While the substantive shortcomings of the latest attempt to add a levy to the Apple iPod and SD cards are important (not to mention legal questions of res judicata and political questions surrounding the Conservatives policy commitment to eliminate the levy), there is a bigger story at work. Ten years ago, the music industry's vision of what the market would look like today focused on two things – DRM and the private copying levy. DRM formed the key provisions in the WIPO Internet Treaties that were concluded in 1996, while CRIA celebrated the culmination of a 15 year lobbying effort to create a levy on blank media in 1997.
Fast forward to 2007 and it is clear that the industry got it completely wrong. DRM faces a consumer and regulatory backlash, with a growing number of leading digital music vendors – Yahoo, Real, and Apple – all calling on the industry to drop the restrictions. They are joined by independent labels who are successfully promoting their music through eMusic, the number two online music seller, and by the artists themselves. With the rumours of EMI dropping DRM, it looks like it is only a matter of time before the DRM-focused strategy is abandoned.
The private copying levy has gone through similar challenges. The levy has succeeded in generating an enormous amount of income (over $150 million), yet some believe it has become a roadblock to WIPO ratification (national treatment concerns associated with the levy), it is far more market distorting that its advocates anticipated, and much to CRIA's dismay, it has provided peer-to-peer file sharers with a legitimate argument that downloading for personal, non-commercial purposes is lawful in Canada.
At the same time, the emerging view worldwide is that some of the copying it compensates – device shifting from CDs to iPods – should not be compensated. For example:
- in the U.S., the recording industry told the U.S. Supreme Court during the Grokster hearings that "the record companies, my clients, have said, for some time now, and it's been on their website for some time now, that it's perfectly lawful to take a CD that you've purchased, upload it onto your computer, put it onto your iPod."
- the recent UK Gowers Report on IP recommended reform to that would permit such copying without the introduction of a new levy
- last year Australia passed legislation to allow for uncompensated device shifting
- New Zealand has proposed legislation that would allow for uncompensated device shifting
Given this history – and the fact that CRIA has pledged to not sue fans who copy music onto their iPods since they are the "good guys" – the CPCC decision to ask for an increase in the levy and an expansion of the levied media runs counter to what is happening around the world. This obviously begs the question – why?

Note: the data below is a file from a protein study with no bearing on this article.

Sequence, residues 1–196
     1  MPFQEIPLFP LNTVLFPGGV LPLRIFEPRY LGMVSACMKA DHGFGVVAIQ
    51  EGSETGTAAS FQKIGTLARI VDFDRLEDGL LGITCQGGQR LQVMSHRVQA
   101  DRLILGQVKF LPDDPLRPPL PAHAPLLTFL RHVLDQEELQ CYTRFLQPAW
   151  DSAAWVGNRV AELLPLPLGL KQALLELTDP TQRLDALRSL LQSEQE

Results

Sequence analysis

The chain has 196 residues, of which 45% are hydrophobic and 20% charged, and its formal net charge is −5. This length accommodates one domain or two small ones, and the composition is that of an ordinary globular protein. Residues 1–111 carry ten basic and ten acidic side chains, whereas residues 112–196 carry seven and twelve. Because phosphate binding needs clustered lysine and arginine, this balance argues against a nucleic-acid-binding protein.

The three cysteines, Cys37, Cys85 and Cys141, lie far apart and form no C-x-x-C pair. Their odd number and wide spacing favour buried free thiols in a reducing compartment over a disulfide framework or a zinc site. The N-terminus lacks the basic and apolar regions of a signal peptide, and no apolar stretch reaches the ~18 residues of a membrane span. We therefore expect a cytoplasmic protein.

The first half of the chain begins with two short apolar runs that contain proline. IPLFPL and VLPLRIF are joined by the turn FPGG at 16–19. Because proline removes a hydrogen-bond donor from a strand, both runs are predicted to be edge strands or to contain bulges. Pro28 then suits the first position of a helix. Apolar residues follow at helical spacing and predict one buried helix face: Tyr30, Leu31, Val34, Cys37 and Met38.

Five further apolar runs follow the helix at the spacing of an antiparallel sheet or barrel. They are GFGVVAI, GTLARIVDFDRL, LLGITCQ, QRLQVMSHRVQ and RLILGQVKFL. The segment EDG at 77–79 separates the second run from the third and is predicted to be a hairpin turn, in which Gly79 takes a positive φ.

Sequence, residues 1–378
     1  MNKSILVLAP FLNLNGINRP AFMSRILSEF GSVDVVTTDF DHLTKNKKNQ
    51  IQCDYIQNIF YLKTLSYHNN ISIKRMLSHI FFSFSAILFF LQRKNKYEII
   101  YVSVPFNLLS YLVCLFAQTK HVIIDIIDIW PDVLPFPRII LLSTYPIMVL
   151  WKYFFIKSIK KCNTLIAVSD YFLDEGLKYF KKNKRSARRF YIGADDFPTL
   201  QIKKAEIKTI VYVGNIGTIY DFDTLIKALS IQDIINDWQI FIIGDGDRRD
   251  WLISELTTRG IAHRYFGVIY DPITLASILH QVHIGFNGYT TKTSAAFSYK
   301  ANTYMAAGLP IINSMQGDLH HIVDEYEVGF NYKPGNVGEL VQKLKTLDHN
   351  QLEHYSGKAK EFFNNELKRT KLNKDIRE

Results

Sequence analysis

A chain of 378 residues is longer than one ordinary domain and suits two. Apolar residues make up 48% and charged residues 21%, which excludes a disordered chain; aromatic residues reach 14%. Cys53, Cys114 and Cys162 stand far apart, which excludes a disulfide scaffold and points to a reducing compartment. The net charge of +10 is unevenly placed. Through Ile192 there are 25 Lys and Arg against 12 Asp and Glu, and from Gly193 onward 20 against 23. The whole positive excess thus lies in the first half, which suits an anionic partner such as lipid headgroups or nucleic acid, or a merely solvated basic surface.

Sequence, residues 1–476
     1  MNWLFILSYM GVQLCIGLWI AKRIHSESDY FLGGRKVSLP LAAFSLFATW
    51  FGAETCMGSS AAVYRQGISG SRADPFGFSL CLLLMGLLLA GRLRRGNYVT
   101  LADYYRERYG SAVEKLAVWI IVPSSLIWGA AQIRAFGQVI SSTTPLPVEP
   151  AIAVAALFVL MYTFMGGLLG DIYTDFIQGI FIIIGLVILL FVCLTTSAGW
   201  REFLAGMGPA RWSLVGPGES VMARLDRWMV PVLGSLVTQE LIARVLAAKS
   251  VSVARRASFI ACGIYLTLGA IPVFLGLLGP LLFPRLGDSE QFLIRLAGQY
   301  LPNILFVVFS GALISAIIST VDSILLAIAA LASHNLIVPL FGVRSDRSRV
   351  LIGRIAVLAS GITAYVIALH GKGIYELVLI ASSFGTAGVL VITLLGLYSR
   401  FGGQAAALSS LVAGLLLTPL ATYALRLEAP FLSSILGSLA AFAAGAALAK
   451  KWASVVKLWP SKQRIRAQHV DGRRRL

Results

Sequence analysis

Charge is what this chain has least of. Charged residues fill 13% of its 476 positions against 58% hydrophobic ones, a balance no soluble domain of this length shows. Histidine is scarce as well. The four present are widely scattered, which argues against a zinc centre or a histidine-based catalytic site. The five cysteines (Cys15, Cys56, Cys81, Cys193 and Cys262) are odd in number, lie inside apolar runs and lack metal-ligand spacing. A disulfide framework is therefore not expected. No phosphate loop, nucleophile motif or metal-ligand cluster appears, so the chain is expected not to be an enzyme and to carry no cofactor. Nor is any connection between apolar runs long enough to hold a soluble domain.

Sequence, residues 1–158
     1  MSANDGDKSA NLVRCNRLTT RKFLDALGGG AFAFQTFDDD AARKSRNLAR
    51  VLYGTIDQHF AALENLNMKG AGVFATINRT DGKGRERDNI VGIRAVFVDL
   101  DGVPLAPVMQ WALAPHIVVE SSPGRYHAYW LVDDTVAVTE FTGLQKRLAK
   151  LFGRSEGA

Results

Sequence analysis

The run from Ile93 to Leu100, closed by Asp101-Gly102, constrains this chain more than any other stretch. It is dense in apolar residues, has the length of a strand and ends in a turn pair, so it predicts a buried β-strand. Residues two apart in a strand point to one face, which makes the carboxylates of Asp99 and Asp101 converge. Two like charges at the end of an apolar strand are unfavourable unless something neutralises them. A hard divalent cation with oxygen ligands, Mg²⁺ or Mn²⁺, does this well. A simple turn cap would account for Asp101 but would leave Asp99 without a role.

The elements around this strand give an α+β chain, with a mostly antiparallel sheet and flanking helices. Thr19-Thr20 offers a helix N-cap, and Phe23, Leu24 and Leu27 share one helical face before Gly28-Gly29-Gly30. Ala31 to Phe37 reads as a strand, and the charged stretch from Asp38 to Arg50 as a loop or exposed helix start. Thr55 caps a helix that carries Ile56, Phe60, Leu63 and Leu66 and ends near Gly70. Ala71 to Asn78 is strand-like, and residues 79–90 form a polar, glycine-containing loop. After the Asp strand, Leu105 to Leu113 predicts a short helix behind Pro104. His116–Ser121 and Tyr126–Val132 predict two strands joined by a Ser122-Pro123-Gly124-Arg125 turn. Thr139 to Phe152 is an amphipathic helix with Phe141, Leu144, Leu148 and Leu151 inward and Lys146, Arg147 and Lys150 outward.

I would argue that there are two important forces at work here. One is the isolation of CRIA within the Canadian music scene. The decision of the major indie labels last year to leave CRIA, along with emergence of the CMCC, reduced the CRIA's importance (though perhaps not yet with the Canadian Heritage Minister). The CPCC's decision to push forward with an expanded levy, when CRIA had already mused about dropping the levy, must have surely led to a vocal board meeting given that CRIA's General Counsel Richard Pfohl still maintains a position on the CPCC board. With the CPCC headed for years of hearing and litigation on the private copying levy, it will be interesting to see whether CRIA sticks it out or decides to abandon any pretense of supporting the levy altogether.
The second force – indeed the elephant in the room – is peer-to-peer file sharing. Leaving aside the arguments that P2P benefits the artists and has not had a negative impact on the industry, compensating for such copying may still make sense. The levy arguably already covers P2P and an expansion of the levy in the manner advocated by CPCC strengthens that argument. Moreover, the funds generated by the levy are clearly not just compensating CD copying – it is peer-to-peer file sharing that now sits at the heart of this scheme. The problem is that the levy doesn't work particularly well as a P2P alternative compensation system since it doesn't legalize the making available of content on peer-to-peer systems and the purchase of blank media bears little relation to P2P activity.
That said, this might be the CPCC's attempt to stay relevant in a world where P2P levies will likely get more attention in the months ahead. Indeed, if the trend is toward no levies for device shifting, the CPCC has little reason to exist other than P2P. I think there are better solutions out there – levies tied to network providers make more sense (and are already replicated by cable television levies for retransmission of content) and there is a need to cover both P2P and the non-commercial use of content in user-generated content – however, a discussion about P2P levies is one worth having. It might be that the CPCC just bet its future existence on it.